As much time as we spend on the internet these days, I am sure that we are all well aware of those contests that are posted on various websites or blogs that say something along the lines of, "Leave a comment below for your chance to win a..."? Well, I would like to you inform you that these contests are very real, and winning one of them led me to capturing my favorite photo that I have ever taken, even several years (and several thousands of photos) later. Here's how it happened:
Several years ago, JetBlue Airways offered what many would think was, an unprecedented deal. For $699, hungry travelers could purchase an "All You Can Jet Pass," which entitled purchasers to one month (set by JetBlue, not at your leisure) of unlimited flights to anywhere that JetBlue flies. Yes, unlimited. You want to fly to the Bahamas on Monday, New York City on Wednesday, and Los Angeles AND San Francisco on Friday? Pick your flights, and go for it.
One day, I happened to catch a post on Jaunted.com, a Conde Nast travel blog that I had been following at the time, in which Jaunted offered one of those very "leave a comment" contests mentioned above, to win an All You Can Jet pass. I went ahead and left a comment about what I would do were I to win an All You Can Jet pass. I went back to my work, thinking that there would be thousands of entries and that my comment would be lost in oblivion. A more cynical person might even think that these types of contests are merely excuses to get more registered emails from site visitors for marketing purposes, and that no one really wins these things. Well, a few days later, I received an email:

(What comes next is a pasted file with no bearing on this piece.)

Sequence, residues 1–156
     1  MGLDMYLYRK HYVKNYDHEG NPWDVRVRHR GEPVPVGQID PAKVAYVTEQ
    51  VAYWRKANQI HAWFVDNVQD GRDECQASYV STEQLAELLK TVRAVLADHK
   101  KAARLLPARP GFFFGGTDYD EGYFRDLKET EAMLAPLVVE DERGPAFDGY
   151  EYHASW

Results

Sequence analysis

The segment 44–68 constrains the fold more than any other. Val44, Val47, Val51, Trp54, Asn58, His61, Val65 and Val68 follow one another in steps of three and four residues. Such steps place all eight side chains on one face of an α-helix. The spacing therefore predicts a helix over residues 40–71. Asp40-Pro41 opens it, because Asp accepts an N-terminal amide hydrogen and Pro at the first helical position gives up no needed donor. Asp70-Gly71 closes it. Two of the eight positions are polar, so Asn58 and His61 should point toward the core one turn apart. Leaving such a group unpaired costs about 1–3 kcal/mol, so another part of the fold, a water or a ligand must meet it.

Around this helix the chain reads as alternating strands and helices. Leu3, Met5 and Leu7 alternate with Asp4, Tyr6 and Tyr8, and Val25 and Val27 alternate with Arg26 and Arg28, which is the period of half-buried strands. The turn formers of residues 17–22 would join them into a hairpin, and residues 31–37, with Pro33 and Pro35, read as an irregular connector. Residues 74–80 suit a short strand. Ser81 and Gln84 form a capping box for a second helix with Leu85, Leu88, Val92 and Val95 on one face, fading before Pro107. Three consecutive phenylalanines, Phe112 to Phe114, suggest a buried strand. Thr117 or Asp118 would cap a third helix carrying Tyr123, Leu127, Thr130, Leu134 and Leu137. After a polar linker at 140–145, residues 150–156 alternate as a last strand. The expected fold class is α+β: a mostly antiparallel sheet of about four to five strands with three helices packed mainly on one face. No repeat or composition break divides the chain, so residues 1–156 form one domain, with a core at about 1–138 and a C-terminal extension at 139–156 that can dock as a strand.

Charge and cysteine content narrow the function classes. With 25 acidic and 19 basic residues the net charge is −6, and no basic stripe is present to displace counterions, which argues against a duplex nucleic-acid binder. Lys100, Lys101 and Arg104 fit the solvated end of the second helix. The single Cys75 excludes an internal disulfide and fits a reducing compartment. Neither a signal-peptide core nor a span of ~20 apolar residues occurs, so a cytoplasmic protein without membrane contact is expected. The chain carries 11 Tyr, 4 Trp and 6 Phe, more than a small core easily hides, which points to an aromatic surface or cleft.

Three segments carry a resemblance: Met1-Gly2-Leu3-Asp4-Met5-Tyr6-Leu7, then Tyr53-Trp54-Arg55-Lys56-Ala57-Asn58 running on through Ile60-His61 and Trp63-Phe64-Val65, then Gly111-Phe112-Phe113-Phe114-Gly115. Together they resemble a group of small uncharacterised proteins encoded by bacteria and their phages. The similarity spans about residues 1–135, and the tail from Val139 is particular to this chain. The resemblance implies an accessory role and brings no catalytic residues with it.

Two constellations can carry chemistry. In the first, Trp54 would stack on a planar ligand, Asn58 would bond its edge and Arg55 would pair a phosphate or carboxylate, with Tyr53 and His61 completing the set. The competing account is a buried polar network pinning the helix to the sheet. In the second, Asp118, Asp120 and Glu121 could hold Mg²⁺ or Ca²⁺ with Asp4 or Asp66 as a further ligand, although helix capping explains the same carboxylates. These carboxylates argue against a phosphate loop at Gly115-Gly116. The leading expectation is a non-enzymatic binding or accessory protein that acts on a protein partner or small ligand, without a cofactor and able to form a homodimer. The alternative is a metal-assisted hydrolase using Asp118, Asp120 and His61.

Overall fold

My name is [redacted] and I am the Editor of the Conde Nast travel blog Jaunted.com. We held a contest this week to random award one of the Jetblue All You Can Jet passes to a lucky commenter, and after the contest closed last night, we randomly selected your comment as the winner.
Unbelievably, I had just won the opportunity to fly anywhere in the country, as much as I wanted, for an entire month…for free. Also unbelievably, I only had one week to plan my trips. While many passholders that I spoke to were given All You Can Jet passes as college graduation gifts and got to spend a month whizzing around the country (and some Caribbean islands!), unfortunately, I was working a full-time job. At this particular job, I was constantly swamped, always behind schedule, and very stressed, and as much as I would have loved to, I simply did not have the ability to take an entire month off to jet around the country, in order to make the absolute most of my incredible prize. In the end, I decided to take four long-weekend trips to each corner of America: Los Angeles, Boston, Miami, and finally, a trip to San Francisco, where I rented a car and headed east on the four-hour trek to Yosemite National Park.
With such a limited time to prepare for each trip, I was only able to wrangle a travel companion for one of my trips (Miami), and I visited a friend in Los Angeles. This meant that my trip to Yosemite would be made solo. While perhaps not ideal, I was not going to let that get in the way of visiting the park, as I had been dreaming of seeing beautiful blue skies, the beautiful Yosemite Valley waterfalls, and sights like these for many years:
Unfortunately, as can happen on any trip, Mother Nature had other plans for my weekend. The drive from San Francisco to Yosemite was gloomy, and the weather forecast did not look good. Upon my arrival at the gate, much to my dismay, the park ranger informed me that rain would be coming and that it would most likely be staying awhile.